What does heritage mean to you? Is it something tangible that you can touch? Does our heritage make us who we are today? According to The Oxford English Dictionary (1997), one definition of heritage is, “valued objects and qualities such as cultural traditions, unspoiled countryside, and historic buildings that have been passed down from previous generations”.

What do the historical buildings of Yellow Springs tell us about the people that played a role in building the village that we know and love? On January 29, 2012 at 2:00 p.m. in the Yellow Springs Senior Center Great Room, Robin Heise, a second year graduate student in the Public History program at Wright State University will present Yellow Springs Heritage. This program will give an overview on her recent research on some of the historical properties in the Village of Yellow Springs and provide tips on how to research your own historical property.

Admission is free and light refreshments will be served.

YS Solar energy plans in the press

Yellow Springs could become home to the largest solar power array in Southwest Ohio in 2012 as part of a $65 million project to put new solar power in smaller Ohio villages and cities, the Dayton Daily News reported Saturday.

Dayton Daily News: Village could have largest solar array in region

Sunday, January 8, 2012

If we only had love

Well, now we do...

Eagleson in at Antioch

College hires alumnus, former faculty as creative director for Herndon Gallery

Dennie Eagleson '71, former faculty member, has returned to Antioch College as a part-time creative director.

Working with art faculty Sara Black, Eagleson is responsible for managing the Herndon Gallery and creating an Artist in Residence program. Drawing on her passion and profession, she also will offer photography workshops as part of the College’s co-curricular program.

Eagleson taught at Antioch College for more than 20 years, beginning in 1987 as an adjunct instructor of photography and rising through the ranks to associate professor of photography in 2004—a role she served until 2008. For another year, she taught at the Nonstop Liberal Arts Institute. She served as director of the Herndon Gallery in the 1990s and was a member of the gallery’s committee for many years. Since the mid 1980s, Eagleson also has worked as a freelance photographer for a number of community clients. Her work has appeared prominently in College publications, including The Antiochian and the College’s Annual Report.

“Dennie is a great addition to our academic team,” said Hassan Rahmanian, vice president for academic affairs. “She has a long and productive affiliation with, and a great passion for, Antioch College.”

Eagleson holds a Master of Fine Arts in photography from the University of Cincinnati and a Bachelor of Arts from Antioch College.

Her professional experience includes several artist in residence programs: Rivers Institute at the University of Dayton (August 2011), Nonstop Institute Oral History (summer and fall 2010), and ArtStreet at the University of Dayton (fall 2009). She has been involved in the development of photography workshops and documentaries both locally and abroad in places such as Havana, Cuba and Jicaro, Nicaragua.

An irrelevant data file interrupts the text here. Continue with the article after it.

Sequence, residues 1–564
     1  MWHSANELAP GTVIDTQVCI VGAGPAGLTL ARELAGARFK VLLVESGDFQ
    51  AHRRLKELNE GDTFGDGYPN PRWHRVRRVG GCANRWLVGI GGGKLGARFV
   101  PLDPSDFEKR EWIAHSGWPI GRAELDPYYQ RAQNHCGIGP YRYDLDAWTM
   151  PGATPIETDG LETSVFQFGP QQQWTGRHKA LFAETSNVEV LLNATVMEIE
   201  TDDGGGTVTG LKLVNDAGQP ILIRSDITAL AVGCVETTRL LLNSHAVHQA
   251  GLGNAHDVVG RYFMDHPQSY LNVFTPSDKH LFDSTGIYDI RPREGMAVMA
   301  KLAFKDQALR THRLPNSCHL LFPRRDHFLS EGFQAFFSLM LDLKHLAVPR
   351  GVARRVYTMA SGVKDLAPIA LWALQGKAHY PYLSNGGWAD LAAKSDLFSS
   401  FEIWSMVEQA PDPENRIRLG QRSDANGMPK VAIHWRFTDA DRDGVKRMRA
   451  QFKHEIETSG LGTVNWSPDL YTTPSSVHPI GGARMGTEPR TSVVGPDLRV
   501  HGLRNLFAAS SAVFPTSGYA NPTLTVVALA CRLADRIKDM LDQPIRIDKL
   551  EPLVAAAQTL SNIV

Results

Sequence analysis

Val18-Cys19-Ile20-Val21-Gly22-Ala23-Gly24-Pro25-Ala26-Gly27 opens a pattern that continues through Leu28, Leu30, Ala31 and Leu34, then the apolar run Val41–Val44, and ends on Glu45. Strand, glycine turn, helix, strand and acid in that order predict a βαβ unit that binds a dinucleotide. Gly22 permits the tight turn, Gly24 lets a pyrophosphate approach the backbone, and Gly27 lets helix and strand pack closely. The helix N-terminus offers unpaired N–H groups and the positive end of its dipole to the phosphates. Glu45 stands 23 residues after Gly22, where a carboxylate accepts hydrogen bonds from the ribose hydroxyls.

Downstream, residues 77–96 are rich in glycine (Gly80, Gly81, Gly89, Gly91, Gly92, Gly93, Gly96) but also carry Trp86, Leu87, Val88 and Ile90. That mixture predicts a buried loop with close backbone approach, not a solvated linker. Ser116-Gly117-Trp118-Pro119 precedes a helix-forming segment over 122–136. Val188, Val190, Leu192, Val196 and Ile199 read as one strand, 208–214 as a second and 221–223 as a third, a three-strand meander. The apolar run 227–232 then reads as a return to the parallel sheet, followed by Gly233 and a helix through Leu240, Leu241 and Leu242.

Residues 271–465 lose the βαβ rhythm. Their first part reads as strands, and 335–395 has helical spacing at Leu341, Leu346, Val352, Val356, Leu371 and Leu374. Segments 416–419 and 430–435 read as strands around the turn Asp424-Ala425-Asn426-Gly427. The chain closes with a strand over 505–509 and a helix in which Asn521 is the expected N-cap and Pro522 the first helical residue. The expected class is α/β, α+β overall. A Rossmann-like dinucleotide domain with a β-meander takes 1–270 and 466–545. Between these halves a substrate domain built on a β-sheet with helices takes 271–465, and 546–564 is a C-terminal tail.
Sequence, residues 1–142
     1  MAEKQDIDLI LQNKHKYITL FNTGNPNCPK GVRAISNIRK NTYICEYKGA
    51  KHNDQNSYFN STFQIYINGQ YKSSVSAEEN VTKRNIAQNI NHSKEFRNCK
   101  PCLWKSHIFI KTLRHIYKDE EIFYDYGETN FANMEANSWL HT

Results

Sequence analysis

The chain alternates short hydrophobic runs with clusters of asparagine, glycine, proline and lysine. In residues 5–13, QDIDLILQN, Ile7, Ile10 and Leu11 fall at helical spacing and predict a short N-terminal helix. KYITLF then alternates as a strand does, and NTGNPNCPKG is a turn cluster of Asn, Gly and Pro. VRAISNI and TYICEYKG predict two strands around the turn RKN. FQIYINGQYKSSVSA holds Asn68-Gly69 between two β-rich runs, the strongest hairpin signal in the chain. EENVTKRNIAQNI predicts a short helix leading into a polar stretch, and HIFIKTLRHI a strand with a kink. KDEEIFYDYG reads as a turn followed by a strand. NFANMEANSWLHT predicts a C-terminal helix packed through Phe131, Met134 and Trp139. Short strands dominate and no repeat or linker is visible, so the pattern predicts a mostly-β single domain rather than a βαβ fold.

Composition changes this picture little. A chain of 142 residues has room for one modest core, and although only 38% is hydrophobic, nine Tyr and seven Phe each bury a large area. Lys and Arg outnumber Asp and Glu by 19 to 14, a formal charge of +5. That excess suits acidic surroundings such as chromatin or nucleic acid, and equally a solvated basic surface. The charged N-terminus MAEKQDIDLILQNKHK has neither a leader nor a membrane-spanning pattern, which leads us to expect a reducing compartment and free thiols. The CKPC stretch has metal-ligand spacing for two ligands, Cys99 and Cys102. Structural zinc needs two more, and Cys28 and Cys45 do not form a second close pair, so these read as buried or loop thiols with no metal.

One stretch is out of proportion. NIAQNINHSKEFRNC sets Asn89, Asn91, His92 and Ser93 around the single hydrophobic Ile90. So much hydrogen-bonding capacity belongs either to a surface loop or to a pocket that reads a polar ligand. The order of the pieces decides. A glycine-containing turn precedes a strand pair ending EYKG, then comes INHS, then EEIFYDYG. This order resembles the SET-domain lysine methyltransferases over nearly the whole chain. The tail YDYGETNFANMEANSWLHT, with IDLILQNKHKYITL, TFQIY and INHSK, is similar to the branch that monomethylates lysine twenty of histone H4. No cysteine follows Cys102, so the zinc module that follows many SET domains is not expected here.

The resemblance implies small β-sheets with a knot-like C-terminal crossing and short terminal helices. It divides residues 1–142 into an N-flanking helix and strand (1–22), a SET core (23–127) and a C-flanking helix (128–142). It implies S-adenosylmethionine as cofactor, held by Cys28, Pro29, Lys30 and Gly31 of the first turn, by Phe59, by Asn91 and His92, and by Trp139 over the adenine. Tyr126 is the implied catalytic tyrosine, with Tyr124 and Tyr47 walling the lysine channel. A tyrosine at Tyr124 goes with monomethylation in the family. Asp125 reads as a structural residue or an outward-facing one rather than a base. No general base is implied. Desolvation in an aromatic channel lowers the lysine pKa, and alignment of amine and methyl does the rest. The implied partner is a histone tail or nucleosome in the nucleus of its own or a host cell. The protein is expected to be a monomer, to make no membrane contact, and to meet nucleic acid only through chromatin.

Eagleson has curated a number of exhibitions featuring the work of local, regional and international artists. Her own work has been showcased in the Herndon Gallery, along with many other galleries throughout the state. She also served a six-year stint as a portfolio reviewer for the National Conference of Society of Photographic Education.

Among Eagleson’s numerous awards are the Southwestern Ohio Council for Higher Education (SOCHE) Award for Faculty Excellence in Teaching (2008); the Ohio Arts Council Award for Excellence in Photography (2005); and a nomination by Top Brass for the Governor’s Award for the Arts in Ohio (2003).

Saturday, January 7, 2012

Jacki Mayer leaves WYSO

Two positions open up at radio station

Jacki Mayer, a long-time staff member at public radio station 91.3 WYSO in Yellow Springs, has accepted a position with Allegiance Software, based in Fargo, North Dakota.

With plans for expansion and relocation of its studios this spring and a increase in signal strength to 50,000 watts, WYSO will also expand its staff and boost its development capacity to fill Mayer’s roles.

Mayer had been the Director of Business Operations and Development at the public radio station since 2004. She supervised underwriting sales and membership activities - and during her tenure at WYSO, both underwriting and membership revenues grew steadily. She created WYSO’s major fundraising event, the Silent Auction and Wine Tasting, planned WYSO’s annual on-air fund drives and helped to create the free summer concerts.

“Jacki made a huge difference at WYSO,” said General Manager Neenah Ellis. “She cared deeply about our mission, underwriters and members and had long-lasting relationships with hundreds of people. Allegiance will allow Jacki to apply her skills in a new direction and we all wish her well on her new adventure.”

Allegiance provides fundraising and accounting software tailored to the needs of public and religious broadcasters. In business for 30 years, they are the preeminent organization of their kind in public broadcasting. After a three- month training period in Fargo, Mayer will become a Sales and Marketing Representative based in Greene County. She will travel all over the US to see clients and represent the organization at numerous annual conferences.